5 Tips For Helping A Parent Who’s Grieving The Loss Of A Child



 

 

We all know someone who is grieving the loss of a child – or we will.  Prepare yourself for the day.  Know what to say or do that may bring the most comfort to the grieving. 

Bypassing the awkward moment does nothing good when you meet the bereaved on the street, at the supermarket or any other public place. Don't distance yourself from the grieving.  Be there for them and with them.  Remember, the grieving need a little for a short time and a lot for a long time.

Here are five tips on how to make that happen.

1.  Understand that the loss of a child has a lifelong effect on a parent.  You cannot expect a recovery from a tragedy of this magnitude in any time frame you may set aside for it. Healing will take years to a lifetime. Therefore plan on a long-term commitment of compassion, understanding and patience.  Do not believe that one can offer up all their condolences at the time of the loss, think they have done their share of being sympathetic and move on.  We, the bereaved, receive so much in the beginning.  Then as time passes on, the sympathy begins to disappear.  Just like all the food brought in the beginning there is so much we can't consume it all.  All the casseroles, hams, deserts are so plentiful, at first, can't they be stored for later? And then the food supply begins to dwindle even though we still need it down the road.  The food is still needed, as are the hugs and words of comfort in the future.

Solution: All that tasty food will soon perish.  Think long term.  Bring coffee, paper towels, toilet paper, paper plates, etc. that can be used long after the funerals.  Likewise, remember the pain and hurting may recede somewhat, but this is a long journey and we will need your hugs and understanding for a long, long time. It will take time but eventually you can help coax us out of our shell.

2.  Oh, the sweet sound of their name.  Most of us love to hear it, so don't change direction of the conversation if we include our child in the discussion.  And don’t quit saying her name because it makes us cry.  They are tears of remembrance.  Hearing our lost children's names assures us that they are not forgotten.  We need to know that their memory lives on.  This is important to us.  Assurances are needed that we are not the only ones who think of and remember them.  Talk about them to us.  Share stories.  We still and always will love them as a part of our lives.

3. Share our pain. The grieving are so paralyzed by their pain it is hard to resume a normal routine or life.  We may not want to go out, grocery shop or even answer the phone for a while.  Don't expect us to come to you.  We can't.  Don't tell us to call you when we are ready.  We won't.  It will have to be our family and friends coming to us to pull us out of the dark pit we seem to keep sinking into.  Don't give up on us.  Give us time learn to share our pain. Be our rescuers.  There are so many places and events we want to go to but can't.  It's just too hard. Be the one we can go to when we are ready to go.  You see, because we are in such an overly emotional state, most of the time it is hard to sit through a lot of functions, such as birthday parties (our child's age), graduation (our child missed), weddings (our child didn't have).  Holidays are extremely emotional times.  Looking around at all those smiling, happy faces and not seeing your child, then realizing they will never be there, will make the heart stop.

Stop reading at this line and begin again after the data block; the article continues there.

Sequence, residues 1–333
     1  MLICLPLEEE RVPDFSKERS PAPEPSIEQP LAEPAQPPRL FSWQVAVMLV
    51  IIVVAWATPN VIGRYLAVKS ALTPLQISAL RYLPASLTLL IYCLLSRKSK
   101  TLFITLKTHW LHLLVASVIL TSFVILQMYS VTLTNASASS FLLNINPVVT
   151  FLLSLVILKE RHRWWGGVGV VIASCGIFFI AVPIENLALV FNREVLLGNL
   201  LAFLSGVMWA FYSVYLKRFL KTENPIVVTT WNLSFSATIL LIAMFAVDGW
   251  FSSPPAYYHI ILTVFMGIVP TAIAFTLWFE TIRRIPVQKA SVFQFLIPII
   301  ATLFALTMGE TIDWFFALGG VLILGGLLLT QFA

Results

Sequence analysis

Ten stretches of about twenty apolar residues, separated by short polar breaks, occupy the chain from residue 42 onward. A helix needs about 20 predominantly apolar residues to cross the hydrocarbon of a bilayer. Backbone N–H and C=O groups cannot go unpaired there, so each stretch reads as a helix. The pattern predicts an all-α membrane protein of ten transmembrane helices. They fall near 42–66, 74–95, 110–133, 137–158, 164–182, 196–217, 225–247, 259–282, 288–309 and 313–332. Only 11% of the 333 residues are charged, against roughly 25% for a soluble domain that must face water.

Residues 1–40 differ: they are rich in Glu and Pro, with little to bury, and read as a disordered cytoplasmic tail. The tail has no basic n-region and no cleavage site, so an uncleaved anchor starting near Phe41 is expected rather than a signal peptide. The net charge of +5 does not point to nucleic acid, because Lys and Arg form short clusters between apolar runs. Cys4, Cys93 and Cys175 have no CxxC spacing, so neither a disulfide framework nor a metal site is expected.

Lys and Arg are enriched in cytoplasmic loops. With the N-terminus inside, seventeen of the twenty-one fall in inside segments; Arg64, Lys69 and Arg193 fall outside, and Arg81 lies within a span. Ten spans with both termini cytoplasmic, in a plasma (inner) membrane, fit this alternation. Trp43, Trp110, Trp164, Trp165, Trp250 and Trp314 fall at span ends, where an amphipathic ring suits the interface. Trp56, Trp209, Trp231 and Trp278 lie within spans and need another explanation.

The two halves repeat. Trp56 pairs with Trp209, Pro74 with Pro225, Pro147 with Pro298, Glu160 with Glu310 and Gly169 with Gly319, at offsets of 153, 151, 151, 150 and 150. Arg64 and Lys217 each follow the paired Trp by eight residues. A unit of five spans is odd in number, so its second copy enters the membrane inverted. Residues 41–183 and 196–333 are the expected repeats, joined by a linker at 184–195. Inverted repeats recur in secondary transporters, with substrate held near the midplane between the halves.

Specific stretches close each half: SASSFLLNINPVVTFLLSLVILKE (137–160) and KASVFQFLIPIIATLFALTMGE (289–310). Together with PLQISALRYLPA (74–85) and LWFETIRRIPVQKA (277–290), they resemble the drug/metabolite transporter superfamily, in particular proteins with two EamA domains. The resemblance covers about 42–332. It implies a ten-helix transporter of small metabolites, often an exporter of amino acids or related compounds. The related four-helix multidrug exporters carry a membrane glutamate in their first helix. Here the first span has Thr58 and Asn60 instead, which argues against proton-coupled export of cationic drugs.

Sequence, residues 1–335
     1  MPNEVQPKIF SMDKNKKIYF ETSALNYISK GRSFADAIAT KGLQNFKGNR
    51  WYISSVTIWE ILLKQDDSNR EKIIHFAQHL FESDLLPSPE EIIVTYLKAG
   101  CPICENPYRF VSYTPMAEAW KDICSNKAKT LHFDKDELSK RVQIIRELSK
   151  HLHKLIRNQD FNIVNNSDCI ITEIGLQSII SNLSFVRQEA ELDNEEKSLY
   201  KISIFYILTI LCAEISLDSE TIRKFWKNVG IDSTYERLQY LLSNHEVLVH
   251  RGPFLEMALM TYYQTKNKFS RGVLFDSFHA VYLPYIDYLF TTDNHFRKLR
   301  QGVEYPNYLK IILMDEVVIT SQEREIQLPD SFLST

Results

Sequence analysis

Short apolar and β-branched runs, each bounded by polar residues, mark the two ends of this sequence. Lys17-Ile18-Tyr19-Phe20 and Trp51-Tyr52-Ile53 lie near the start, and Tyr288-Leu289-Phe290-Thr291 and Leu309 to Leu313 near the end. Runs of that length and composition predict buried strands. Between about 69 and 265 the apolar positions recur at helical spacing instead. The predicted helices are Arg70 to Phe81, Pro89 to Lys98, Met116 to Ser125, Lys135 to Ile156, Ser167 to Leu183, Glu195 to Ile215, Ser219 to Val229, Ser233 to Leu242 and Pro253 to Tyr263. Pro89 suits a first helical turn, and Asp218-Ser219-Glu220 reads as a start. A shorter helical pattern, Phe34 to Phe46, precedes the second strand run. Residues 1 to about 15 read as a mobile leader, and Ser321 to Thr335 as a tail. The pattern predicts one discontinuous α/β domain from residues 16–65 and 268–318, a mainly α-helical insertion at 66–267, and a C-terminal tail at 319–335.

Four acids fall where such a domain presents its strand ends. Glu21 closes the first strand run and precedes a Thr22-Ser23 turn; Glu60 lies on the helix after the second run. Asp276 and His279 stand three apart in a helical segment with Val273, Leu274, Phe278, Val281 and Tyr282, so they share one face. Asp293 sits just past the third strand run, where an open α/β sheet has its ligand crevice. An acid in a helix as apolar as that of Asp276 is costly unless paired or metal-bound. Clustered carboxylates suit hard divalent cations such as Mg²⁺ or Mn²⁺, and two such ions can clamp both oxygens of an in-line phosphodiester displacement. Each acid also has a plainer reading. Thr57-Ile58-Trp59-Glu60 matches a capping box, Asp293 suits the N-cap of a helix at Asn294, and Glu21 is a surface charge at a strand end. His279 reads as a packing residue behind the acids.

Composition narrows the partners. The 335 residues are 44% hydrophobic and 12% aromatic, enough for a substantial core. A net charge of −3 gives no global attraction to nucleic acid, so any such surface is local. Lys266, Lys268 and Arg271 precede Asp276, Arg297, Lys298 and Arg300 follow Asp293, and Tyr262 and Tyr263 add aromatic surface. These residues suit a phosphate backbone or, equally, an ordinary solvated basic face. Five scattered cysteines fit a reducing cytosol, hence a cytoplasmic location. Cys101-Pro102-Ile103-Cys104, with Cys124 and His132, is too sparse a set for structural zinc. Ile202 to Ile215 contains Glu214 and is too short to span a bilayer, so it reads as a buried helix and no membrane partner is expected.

4. Realize we will never be the same people.  We are hurt, angry, stressed and totally out of control while going through the trauma.  A split personality evolves; the old me, the new me, the me yet to come. 

We feel miserable, sad and forgotten long after the funerals.  Friends tire of our grieving.  To those who should be an ally we become a burden, a threat or an embarrassment.  We begin to miss these relationships terribly.  However, we have alienated ourselves.  So, we make new friends with those who have also lost children.  We each understand the others’ pain and are drawn together.  But how we want our old relationships.

5.  Eggs.  The best for last.  Know someone grieving? Take them a dozen eggs.  Then the two of you can go outside, let loose and throw as hard as you can.  Throw ’em at the fence, bushes, garbage cans, whatever; just heave and enjoy. Release the stress.  It will make you laugh.  It’s much better than throwing the best china dishes.  You both will feel better after a good egg toss.

About Joan E. Markwell

Joan E. Markwell, co-author of Softening the Grief: What do Say and Do to Comfort a Bereaved Mother, is a small business and real estate owner who resides in Lawrenceburg, Ky. She is a former board member of the Anderson County (Ky.) Chamber of Commerce, former board member of the Spencer County (Ky.) Tourism Board and former board member and Vice President of the Bluegrass Chapter of the National Association of Women in Construction. Markwell lost her daughter Cindy – who was a mother of two herself – to cancer in 2013.